FIG. 3 is a perspective view of a connector means for use in connecting the pieces together to form a corner joint;
FIG. 4 is a view of the upper zone of FIG. 1 which has been broken away and illustrating the use of the connection means shown in FIG. 3;
FIG. 5 is an alternative type of connection means;
FIG. 6 is a view of the connector means of FIG. 5 being utilized for connecting together pieces at a corner;
FIG. 7 is a view in cross section taken on a plane indicated by the line 7--7 of FIG. 6 and looking in the direction of the arrows and illustrating an alternative type of frame piece; and
FIGS. 8, 9 and 10 are alternative types of configurations of frame pieces, and taken on a plane similar to that of FIG. 7.
Referring to the drawings, although several embodiments are illustrated, like reference characters will be utilized to designate common parts which are described hereinafter in referring to the attached drawings. FIG. 1 illustrates generally a picture. It has a border or display frame composed of pieces such as 20, 22 and 24 which are suitably fastened together at their adjacent ends, such as at the mitered corners 26 and 27. As is conventional, a groove 28 is provided in the reverse side of the border or display frame. A peripheral nest is defined for a mounting frame with a stretched canvas, the latter being generally designated by the numeral 30 in FIG. 1.
It should be noted at this juncture that this invention relates to the mounting frame and not directly to the display frame or border.
The present invention is of a mounting frame for the canvas or tapestry and of a plurality of pieces, such as 32, 34, 36 and 38 which are interconnected at their respective adjacent ends to form corners of the mounting frame. More particularly, on reference to FIG. 2, the frame pieces, such as the piece designated by the numeral 32 are each provided with an upper side surface 33, an outside side surface 35, an inside side surface 37 and a bottom surface 40. The length of piece shown in FIG. 2 is cut into separate pieces which are suitably connected together to form a mounting frame in rectangular shape. Thereafter, the canvas 30 is stretched over the top or slide surface 33 and pulled downwardly over the corners 39 so that the teeth or prongs which are along the outside surface and designated by the numerals 41 and 43 bite into the cloth holding it in a uniformly stretched condition and removably gripping it during the stretching and adjusting process.
It is seen that the overall length 32 in FIG. 2 may be quite long; and that individual pieces may be cut from it to appropriate lengths, allowing for an infinite range or selection of sizes.
The cut may be at a right angle to the length, as shown in FIG. 2 or, alternatively, a mitered cut may be made, for example, see FIG. 4.
In the event that the pieces are connected together as in FIG. 4, a corner piece may be utilized such as that designated by the numeral 50 in FIG. 3. It is seen that this corner piece or connector means includes an L-shaped member having a first leg 52 and a right angularly arranged leg 54 and sidewalls such as 56 and 58 which may be spanned at their lower ends but which, in any event, provide rigidifying means. Each of the legs is adapted to fit into the column or hollow interior at the end of adjacent pieces and, in this manner, interconnect the mitered ends in a corner joint as shown in FIG. 4.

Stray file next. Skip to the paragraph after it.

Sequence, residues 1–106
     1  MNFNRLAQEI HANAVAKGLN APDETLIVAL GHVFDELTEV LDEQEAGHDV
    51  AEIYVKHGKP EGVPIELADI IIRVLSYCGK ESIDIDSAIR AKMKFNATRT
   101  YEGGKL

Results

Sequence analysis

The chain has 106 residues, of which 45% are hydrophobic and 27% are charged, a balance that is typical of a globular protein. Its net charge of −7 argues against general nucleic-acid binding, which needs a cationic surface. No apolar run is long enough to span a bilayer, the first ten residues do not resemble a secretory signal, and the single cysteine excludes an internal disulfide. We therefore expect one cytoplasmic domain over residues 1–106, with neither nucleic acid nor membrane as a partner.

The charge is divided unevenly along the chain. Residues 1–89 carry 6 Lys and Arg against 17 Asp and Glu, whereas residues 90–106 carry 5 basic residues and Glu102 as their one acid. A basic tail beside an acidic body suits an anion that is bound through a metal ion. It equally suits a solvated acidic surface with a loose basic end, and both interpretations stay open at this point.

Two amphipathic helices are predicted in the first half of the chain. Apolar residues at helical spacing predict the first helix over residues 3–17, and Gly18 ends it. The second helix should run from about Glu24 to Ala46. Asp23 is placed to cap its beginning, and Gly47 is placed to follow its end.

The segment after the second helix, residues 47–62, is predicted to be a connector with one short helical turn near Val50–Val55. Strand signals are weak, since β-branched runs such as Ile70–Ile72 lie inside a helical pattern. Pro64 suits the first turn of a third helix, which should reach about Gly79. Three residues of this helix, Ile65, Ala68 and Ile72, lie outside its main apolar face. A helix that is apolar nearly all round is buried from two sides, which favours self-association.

Alternatively, instead of the ends being mitered, the ends may be cut square as shown in FIG. 2. In such embodiment a slightly modified corner piece designated by the numeral 50' is utilized in which the legs 52' and 54' are of a slightly diminished cross sectional area with respect to the extreme corner zone designated by the numeral 53'. In this embodiment, the end of a piece is slid over one of the legs until the end abuts the shoulders 55' and 57'. Further, in this embodiment, it will be seen that teeth such as 59' are preferably utilized on the corner piece to provide a surface for connecting the canvas to the mounting frame at the extreme corner zone. In the preferred embodiment, the distance or thickness of the shoulder 61' is about equal to the thickness of the pieces so that a smooth slide surface is provided. With respect to this embodiment, the connected pieces of the corner of the mounting frame shown in FIG. 5 may be seen on reference to FIG. 6.
With respect to the cross sectional area shown in FIG. 7, this is a somewhat modified embodiment of the invention. The cross sectional area in this embodiment is characterized by an upper slide surface 33' and also, an inside surface 37' and outside surface 35', the latter of which is provided with teeth or prongs such as 41'. In this embodiment the bottom surface 40' is not continous and the pieces is not completely cylindrical; however, the characteristic rigidified longitudinally extending member with an upper slide surface and a generally angularly arranged, preferably right angularly arranged, surface is provided with teeth or prongs which extend away from the upper slide surface 33' and the side surface 35', so that the canvas may be pulled over the slide surface 33' folded about the corner 90' and pulled downwardly into hooked-up engagement by the teeth.